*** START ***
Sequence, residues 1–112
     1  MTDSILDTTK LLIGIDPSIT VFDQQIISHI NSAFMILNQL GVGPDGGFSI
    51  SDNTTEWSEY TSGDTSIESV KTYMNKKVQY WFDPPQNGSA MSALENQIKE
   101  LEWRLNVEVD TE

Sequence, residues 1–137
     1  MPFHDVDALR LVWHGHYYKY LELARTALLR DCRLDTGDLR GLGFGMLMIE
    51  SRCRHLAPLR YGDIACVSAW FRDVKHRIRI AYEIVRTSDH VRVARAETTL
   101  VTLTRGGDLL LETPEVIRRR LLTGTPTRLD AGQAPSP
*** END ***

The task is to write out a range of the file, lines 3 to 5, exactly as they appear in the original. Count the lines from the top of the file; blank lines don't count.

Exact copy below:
    51  SDNTTEWSEY TSGDTSIESV KTYMNKKVQY WFDPPQNGSA MSALENQIKE
   101  LEWRLNVEVD TE

Sequence, residues 1–137